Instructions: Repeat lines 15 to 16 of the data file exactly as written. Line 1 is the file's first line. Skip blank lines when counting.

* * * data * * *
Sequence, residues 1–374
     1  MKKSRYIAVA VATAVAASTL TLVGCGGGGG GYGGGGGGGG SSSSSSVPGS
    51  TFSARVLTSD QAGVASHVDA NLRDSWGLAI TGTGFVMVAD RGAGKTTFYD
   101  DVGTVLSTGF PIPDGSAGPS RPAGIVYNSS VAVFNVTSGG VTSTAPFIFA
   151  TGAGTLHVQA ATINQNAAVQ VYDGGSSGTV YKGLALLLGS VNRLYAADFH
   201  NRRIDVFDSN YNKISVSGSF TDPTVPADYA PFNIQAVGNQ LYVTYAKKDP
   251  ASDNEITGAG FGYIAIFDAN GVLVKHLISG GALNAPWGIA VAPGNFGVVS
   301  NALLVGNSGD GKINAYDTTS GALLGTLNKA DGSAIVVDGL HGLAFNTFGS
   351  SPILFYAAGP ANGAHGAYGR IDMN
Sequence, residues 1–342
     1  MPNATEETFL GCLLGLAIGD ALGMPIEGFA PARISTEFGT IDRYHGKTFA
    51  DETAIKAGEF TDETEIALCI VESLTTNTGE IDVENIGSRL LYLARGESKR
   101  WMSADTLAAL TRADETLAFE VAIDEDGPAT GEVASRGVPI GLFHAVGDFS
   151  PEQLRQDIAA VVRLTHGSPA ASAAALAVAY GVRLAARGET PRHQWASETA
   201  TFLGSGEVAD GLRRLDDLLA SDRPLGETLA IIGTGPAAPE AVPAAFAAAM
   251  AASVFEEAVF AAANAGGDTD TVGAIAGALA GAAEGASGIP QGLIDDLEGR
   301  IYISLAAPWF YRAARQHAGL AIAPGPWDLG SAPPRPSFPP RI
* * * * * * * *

   201  TFLGSGEVAD GLRRLDDLLA SDRPLGETLA IIGTGPAAPE AVPAAFAAAM
   251  AASVFEEAVF AAANAGGDTD TVGAIAGALA GAAEGASGIP QGLIDDLEGR